On Thursday released version 4.0 of its app for iPhone and Android, which has abandoned all remnants of the original Tweetie UI. Twitter is also rolling out the new version of Twitter.com, which Twitter’s Jack Dorsey and Dick Costolo says is aiming to make the social networking site “simpler”.
The update to the native app on iOS and Android is a complete redesign of the Twitter app. It now shows just four options in the navigation bar — Home, Connect, Discover, and Me.
Home is just another word for your timeline. Connect is where you’ll find your @ Mentions along with something new called Interactions. Tapping Interactions shows not only your mentions, but also informs you of new followers and retweets. Discover is a new way of displaying trending topics, and takes more of a newsy approach. Each topic has a blurb about the story, and tapping a trend shows links to the full story and user’s tweets. The last option is Me, which shows your profile information. Direct Messages has been moved into this area, along with lists, the ability to switch accounts, and access to settings.
Along with the new layout, there are a few features from the previous version that have been removed. For instance, the ability to swipe across a tweet to reveal options is gone. This was the trait that distinguished it from all of the other Twitter apps years ago when Tweetie first integrated it. Mashable.com also pointed out that it is no longer possible to copy text from a tweet and paste it somewhere else, perhaps to prevent people from retweeting something from a private account. They also discovered translating tweets from a different language was removed,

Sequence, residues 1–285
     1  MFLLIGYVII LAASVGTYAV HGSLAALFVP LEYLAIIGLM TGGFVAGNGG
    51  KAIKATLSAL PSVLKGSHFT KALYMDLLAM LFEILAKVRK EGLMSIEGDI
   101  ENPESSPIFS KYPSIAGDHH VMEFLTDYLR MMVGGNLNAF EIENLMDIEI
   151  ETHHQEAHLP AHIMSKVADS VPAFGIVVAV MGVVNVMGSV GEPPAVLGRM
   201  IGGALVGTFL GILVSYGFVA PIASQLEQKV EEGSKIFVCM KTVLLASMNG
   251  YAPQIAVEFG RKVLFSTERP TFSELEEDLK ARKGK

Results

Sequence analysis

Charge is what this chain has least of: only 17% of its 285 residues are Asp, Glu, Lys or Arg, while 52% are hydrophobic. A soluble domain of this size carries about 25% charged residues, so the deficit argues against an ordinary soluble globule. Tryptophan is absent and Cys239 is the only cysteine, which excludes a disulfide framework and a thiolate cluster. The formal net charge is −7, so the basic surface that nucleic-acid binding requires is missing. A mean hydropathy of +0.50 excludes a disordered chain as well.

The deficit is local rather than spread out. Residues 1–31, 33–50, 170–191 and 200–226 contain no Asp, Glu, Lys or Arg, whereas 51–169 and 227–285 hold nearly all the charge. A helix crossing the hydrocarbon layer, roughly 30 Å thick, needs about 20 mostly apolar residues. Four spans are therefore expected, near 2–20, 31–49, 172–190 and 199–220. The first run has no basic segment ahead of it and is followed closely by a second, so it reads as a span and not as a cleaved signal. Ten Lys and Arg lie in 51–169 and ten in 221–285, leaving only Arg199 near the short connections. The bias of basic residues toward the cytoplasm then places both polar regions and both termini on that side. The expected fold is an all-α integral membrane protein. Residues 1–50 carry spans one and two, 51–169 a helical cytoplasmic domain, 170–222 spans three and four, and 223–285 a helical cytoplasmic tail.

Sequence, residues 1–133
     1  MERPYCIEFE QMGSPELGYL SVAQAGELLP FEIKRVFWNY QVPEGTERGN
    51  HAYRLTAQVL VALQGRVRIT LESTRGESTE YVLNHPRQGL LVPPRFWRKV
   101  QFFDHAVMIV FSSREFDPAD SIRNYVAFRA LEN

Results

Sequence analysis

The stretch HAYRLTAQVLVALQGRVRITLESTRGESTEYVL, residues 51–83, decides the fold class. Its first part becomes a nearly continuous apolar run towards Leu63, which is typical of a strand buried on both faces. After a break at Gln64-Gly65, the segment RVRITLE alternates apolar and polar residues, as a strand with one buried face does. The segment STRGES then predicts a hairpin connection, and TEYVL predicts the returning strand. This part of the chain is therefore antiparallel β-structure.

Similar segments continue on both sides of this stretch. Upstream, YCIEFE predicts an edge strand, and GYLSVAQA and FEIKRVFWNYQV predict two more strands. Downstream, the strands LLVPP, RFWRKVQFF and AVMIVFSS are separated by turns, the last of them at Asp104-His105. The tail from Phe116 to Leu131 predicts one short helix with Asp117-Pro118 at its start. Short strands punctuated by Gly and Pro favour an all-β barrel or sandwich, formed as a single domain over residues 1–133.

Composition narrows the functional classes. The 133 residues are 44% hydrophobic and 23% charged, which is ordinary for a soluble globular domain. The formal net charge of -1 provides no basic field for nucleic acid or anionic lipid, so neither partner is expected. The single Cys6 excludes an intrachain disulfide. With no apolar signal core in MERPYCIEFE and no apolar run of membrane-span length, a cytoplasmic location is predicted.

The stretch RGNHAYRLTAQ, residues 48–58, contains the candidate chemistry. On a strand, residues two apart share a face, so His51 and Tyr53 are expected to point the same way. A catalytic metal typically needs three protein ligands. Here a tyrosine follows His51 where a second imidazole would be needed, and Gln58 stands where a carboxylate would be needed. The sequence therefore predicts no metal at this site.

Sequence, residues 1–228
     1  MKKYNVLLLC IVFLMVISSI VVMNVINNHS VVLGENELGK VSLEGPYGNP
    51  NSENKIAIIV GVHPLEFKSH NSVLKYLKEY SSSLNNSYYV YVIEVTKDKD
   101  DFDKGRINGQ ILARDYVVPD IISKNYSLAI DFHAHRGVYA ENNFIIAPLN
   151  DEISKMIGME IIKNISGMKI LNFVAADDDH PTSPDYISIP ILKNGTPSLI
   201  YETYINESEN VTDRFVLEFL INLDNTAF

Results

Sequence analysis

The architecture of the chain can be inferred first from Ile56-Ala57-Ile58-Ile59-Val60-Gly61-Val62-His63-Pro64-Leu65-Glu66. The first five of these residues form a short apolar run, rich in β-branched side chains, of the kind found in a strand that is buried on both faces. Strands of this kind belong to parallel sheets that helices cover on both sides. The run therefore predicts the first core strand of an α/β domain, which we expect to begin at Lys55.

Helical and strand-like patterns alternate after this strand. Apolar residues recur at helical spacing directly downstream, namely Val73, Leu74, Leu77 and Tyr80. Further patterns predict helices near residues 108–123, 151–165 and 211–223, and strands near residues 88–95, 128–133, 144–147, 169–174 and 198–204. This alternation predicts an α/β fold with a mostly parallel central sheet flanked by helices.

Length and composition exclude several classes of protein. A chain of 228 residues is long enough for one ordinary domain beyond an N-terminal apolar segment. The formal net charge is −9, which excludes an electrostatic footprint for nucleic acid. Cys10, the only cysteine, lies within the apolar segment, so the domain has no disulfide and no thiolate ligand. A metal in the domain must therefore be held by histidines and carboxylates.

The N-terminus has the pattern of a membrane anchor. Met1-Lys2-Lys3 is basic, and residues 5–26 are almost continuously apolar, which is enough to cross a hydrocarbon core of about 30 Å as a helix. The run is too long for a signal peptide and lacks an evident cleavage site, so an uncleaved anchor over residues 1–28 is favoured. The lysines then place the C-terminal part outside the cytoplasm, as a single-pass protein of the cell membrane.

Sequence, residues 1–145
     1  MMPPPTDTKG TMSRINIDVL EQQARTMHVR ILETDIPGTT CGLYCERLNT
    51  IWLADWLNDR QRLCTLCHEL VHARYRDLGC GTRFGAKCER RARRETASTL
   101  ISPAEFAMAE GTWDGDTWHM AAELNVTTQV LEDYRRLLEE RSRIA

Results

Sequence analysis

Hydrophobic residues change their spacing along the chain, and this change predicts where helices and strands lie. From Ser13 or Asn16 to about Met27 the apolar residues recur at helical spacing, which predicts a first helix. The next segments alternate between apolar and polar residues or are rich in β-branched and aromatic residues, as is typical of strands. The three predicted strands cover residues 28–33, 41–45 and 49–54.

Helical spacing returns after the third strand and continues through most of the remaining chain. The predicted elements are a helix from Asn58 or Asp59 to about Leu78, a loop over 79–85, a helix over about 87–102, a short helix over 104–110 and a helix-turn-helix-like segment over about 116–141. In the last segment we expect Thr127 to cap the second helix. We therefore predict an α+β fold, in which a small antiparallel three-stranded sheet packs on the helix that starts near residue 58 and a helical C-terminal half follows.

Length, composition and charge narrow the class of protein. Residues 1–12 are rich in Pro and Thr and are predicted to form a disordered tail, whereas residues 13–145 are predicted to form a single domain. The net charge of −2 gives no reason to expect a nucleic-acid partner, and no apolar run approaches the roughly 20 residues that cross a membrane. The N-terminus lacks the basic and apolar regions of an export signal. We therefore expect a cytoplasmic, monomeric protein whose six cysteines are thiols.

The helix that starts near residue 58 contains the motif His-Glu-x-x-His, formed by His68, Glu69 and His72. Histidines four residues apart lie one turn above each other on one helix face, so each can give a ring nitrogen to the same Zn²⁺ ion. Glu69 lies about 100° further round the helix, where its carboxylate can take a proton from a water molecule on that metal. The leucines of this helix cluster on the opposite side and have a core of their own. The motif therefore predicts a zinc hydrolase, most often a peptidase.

along with Instapaper support (@Die_Monkey on Twitter mentioned that the Instapaper support is actually there after you tap on a link and then tap the arrow in the lower righthand corner). Another downfall of the new app is noticed right away – it takes longer to load when launching it.
Twitter’s new web interface has a lot of promise, though. The web version is similar to the iOS and Android app in a lot of ways, except the new layout seems to translate much better to the traditional desktop browser. Photos appear in line when clicked upon, and conversations appear within the timeline too. At the top of the page, the same options are available as are on iPhone – Home, Connect and Discover. The profile page is much improved, making your bio information, tweets, stats, interactions and recent photos much more attractive. A groovy new aspect of this new Twitter is embeddable tweets. You can embed specific tweets in a web page and it includes all the options you’d typically find in your timeline.
Another new aspect of Twitter’s redesign is brand pages. It’s taking the same approach as Facebook and Google Plus in that the whole page can be catered to certain brands. In addition, the brands will continue to promote tweets in user timelines. The pages are free and can be utilized by any small or large business.
So far the new version of Twitter looks great on the web, but isn’t an improvement on the iPhone app. Twitter has said on their official blog that this is only the beginning, and they plan to update other apps such as Twitter for iPad.